If we're to believe the Philosophical Transactions of the Royal Society, or the Copenhagen Consensus Center, or apparently any of the individual geoengineering researchers who've modelled it, it's possible to halt all warming by building a fleet of autonomous wind-powered platforms that do nothing more sinister than spraying seawater into the air, in a place no more ecologically sensitive than the open ocean, and for no greater cost than 10 billion USD
(edit: I'm not sure where the estimate of 10B came from. I saw the estimate of 9B in a lot of news reports relating to CCC, and I rounded up to be conservative, but I couldn't easily find CCC materials confirming this number)
If this works, no significant warming will be allowed to occur after the political static friction that opposes the use of geoengineering is broken.
Isn't any amount of mean warming bad? So shouldn't we deploy something like this as soon as possible? Shouldn't we have started deploying it years ago?
Side effects seem minimal. Relative to seeding clouds with sulpherous chemicals (which will also be considered, once the heat becomes unbearable), it leaves no ozone-eliminating residue, it produces no acid rain. It may disturb rainfall in some regions, but it seems that it may be viable to just avoid seeding too close those regions.
I want to make it clear how little support this needs in order to get done: 10 billion USD is less than a quarter of the tax income generated by the nation of just New Zealand one year. A single tiny oecd government could, in theory, do it alone. It wont need the support of a majority of the US. It probably wont require any support from the US at all.
What should we do with this information?
I do buy the claim that public support for any sort of emission control will evaporate the moment geoengineering is realised as a tolerable alternative. Once the public believe, there will never be a quorum of voters willing to sacrifice anything of their own to reduce emissions. I think we may need to start talking about it anyway, at this point. Major emitters have already signalled a clear lack of any real will to change. The humans will not repent. Move on. Stop waiting for humanity to be punished for its sin, act, do something that has some chance of solving the problem.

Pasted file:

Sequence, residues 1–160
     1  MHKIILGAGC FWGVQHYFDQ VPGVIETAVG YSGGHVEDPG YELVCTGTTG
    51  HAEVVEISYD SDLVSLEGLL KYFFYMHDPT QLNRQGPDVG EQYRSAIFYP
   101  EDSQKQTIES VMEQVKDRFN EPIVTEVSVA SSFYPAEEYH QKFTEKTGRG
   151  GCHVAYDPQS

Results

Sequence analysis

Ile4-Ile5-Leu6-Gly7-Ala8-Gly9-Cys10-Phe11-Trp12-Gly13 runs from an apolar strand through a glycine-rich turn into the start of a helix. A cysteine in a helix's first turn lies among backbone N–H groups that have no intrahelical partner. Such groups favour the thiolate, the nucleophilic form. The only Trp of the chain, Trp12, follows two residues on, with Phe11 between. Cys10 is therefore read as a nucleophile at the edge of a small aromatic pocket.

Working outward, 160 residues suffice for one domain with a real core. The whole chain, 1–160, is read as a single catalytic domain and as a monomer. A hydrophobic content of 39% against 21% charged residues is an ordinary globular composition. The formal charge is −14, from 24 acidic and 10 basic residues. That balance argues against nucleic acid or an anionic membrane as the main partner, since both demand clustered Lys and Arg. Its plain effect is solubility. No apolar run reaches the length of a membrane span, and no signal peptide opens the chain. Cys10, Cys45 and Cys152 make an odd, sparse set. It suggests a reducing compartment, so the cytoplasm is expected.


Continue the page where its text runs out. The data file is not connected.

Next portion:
Could the taboos against discussing geoengineering delay the discovery of better, less risky techniques?
Could failing to invest in geoengineering research ultimately lead to the deployment of relatively crude approaches with costly side effects? (Even if cloud brightening is the ultimate solution to warming, we still need to address ocean acidification and carbon sequestration, and I'm not aware of any ideal solution to those problems yet, but two weeks ago I wasn't aware of cloud brightening, so for all I know the problem isn't a lack of investment, might just be a lack of policy discussion.)
Public funding for geoengineering research is currently non-existent in the US (All research in the US is either privately funded or funded by universities), and weak in China (3M USD. 14 members, no tech development, no outdoor experiments.)